Hardly anything inside a computer would seem to be more basic, or more necessary, than the processor "clock"—the little crystal oscillator whose rhythmic ticks ultimately regulate everything the computer does. Indeed, we often define computers by their clocks, as in, "I just bought a 2-GHz PC."
Yet clocks aren't necessary for the workings of digital devices, and some researchers predict that clock-regulated circuits will increasingly give way to clockless, or asynchronous, circuits.
In the early days of computing, both asynchronous and synchronous circuits were used in computers, but the latter came to dominate because they were easier to design, test and debug. "But after decades during which clocked logic has imposed its discipline, the older and more anarchic approach seems poised to make a comeback," says Steve Furber, head of the computer science department at Manchester University in England.
It's becoming increasingly difficult to make processor clocks work correctly as chips get bigger and more complex. In order for operations to be conducted at the right time and in the right sequence, all parts of the chip must see the same "clock face." But clocks are so fast today that a given clock tick won't reach all components on the chip before the next tick occurs, so components at different distances from the clock can get out of sync.
This has forced designers to resort to ever more complex and expensive solutions, such as elaborate hierarchies of busses and circuits that adjust clock readings at various chip locales.
"That's a very expensive way to solve the problem," Furber says. "It's only companies like Intel that can afford the designer effort."
The elaborate clock circuits also draw more power and generate more heat with every new chip generation. Even worse, synchronous circuits perform only as fast as their slowest component. And sometimes the slowest component is the clock itself. Research at Sun Microsystems Inc. shows that logic transistors can spend up to 95% of their time just waiting for the next clock tick to tell them to act.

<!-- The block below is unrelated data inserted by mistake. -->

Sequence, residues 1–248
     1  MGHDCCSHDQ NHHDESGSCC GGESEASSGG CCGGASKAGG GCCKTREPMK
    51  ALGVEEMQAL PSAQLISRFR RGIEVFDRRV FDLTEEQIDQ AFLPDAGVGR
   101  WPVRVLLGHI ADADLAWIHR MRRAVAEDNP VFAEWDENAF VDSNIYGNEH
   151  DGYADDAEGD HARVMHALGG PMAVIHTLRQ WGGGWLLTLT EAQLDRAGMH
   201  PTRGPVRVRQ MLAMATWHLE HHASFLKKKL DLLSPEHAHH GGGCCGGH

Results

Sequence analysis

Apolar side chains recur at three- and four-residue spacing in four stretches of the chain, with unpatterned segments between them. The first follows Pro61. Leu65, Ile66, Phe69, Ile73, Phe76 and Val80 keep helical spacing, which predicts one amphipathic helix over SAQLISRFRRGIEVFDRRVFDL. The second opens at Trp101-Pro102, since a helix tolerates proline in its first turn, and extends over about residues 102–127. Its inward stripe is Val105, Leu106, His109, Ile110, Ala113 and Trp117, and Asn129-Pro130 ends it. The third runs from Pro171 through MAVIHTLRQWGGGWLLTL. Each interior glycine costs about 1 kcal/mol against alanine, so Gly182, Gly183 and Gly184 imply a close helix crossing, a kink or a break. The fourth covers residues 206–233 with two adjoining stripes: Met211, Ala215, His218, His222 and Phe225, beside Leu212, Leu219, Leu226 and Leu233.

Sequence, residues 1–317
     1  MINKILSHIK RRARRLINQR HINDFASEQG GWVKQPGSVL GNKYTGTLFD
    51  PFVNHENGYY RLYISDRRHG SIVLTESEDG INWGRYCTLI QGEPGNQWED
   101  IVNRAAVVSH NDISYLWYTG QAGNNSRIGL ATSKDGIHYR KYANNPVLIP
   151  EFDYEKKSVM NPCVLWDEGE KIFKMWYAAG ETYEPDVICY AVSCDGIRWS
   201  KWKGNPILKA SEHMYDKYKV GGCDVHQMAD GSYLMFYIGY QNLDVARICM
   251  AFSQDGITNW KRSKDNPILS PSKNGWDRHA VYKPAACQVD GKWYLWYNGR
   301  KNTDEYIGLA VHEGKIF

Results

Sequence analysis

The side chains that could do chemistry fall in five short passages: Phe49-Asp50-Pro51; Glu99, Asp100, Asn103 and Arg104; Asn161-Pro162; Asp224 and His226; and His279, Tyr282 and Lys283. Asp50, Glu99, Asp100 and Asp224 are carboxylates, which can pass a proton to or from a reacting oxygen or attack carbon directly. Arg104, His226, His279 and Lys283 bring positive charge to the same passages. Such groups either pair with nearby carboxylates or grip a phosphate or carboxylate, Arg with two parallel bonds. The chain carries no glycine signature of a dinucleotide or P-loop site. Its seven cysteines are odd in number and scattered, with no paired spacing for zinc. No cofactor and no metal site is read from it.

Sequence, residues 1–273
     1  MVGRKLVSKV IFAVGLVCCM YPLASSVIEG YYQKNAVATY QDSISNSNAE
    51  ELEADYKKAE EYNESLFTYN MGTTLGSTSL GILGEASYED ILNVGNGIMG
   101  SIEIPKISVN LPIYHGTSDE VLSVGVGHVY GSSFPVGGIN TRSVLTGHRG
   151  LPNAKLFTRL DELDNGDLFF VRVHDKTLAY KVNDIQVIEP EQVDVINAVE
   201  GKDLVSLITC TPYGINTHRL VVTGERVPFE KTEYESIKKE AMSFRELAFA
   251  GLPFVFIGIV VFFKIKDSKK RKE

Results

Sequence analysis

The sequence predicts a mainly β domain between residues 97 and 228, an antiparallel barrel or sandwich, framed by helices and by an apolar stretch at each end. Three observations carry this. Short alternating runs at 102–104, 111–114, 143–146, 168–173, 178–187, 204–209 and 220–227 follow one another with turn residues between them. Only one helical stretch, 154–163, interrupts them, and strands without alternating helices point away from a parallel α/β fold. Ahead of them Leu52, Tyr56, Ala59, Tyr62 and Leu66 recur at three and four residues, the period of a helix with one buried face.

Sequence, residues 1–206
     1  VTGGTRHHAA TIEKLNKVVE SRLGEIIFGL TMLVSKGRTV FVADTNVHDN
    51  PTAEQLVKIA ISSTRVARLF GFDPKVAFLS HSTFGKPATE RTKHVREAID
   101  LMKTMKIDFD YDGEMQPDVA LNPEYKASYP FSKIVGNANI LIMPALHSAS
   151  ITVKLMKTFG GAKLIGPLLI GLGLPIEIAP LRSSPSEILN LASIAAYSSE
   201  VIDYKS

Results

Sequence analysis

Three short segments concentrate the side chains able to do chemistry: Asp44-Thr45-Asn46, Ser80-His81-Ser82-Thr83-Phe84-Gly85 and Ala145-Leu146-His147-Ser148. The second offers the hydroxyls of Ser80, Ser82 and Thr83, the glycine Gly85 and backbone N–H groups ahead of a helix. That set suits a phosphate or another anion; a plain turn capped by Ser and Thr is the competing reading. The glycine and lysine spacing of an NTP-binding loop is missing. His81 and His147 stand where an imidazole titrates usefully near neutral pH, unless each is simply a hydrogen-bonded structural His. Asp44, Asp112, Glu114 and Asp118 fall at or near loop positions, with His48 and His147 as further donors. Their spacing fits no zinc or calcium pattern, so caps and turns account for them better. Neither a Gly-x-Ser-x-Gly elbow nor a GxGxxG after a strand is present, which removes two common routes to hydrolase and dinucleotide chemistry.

Manufacturers are experimenting with clockless microprocessors, including some that are completely asynchronous and some that have local components with clocks tied together by asynchronous networks.
Self-Timed Solutions, a Manchester-based start-up co-founded by Furber, has prototype chips of the latter type that it calls "self-timed interconnects." Furber describes his chips as asynchronous "network fabrics" into which it's easy to plug synchronous and asynchronous "clients"—such as processors or memory blocks that operate at different frequencies. That will let designers sidestep the difficult and expensive task of making processors globally synchronous, he says.
Asynchronous circuits can perform faster than synchronous ones, since their components aren't limited by the pace of clock ticks. And because they draw less power and generate less heat, they are likely to find applications in mobile devices. Philips Electronics NV has already put asynchronous microcontrollers in some of its pagers.
Sun will ship its new UltraSPARC IIIi processor with clockless circuits that pass data between memory modules and memory controllers. By making these data transfers independent of clock timing, the circuits are simpler, more reliable, easier to modify and potentially faster, says Jo Ebergen, a senior staff engineer at Sun.
"Asynchronous techniques will be adopted more and more in mainstream chip designs," Ebergen says. "Bigger parts of the chip will become completely asynchronous."
But asynchronous computing presents design challenges. By definition, clockless circuits operate in a more uncoordinated way. That results in sequences of events that aren't completely predictable, just as it's easier to predict the motion of marching soldiers than that of pedestrians on a sidewalk. Ways to deal with that unpredictability must be built into chip designs.
Moreover, asynchronous devices have nowhere near the infrastructure of design and test tools or the expertise that has been built up for synchronous devices at a cost of billions of dollars.
"Expertise is one of the biggest hurdles," says Chris Myers, an associate professor of electrical and computer engineering at the University of Utah in Salt Lake City. "Few universities in the U.S. teach asynchronous circuits."
Myers says the industry will move gradually toward chip designs that are "globally asynchronous, locally synchronous," in which little synchronous islands operating at different clock speeds communicate through some kind of asynchronous buffer or "fabric."
"It's not going to be the revolution that some of us predict," Myers says. "It's going to be little by little."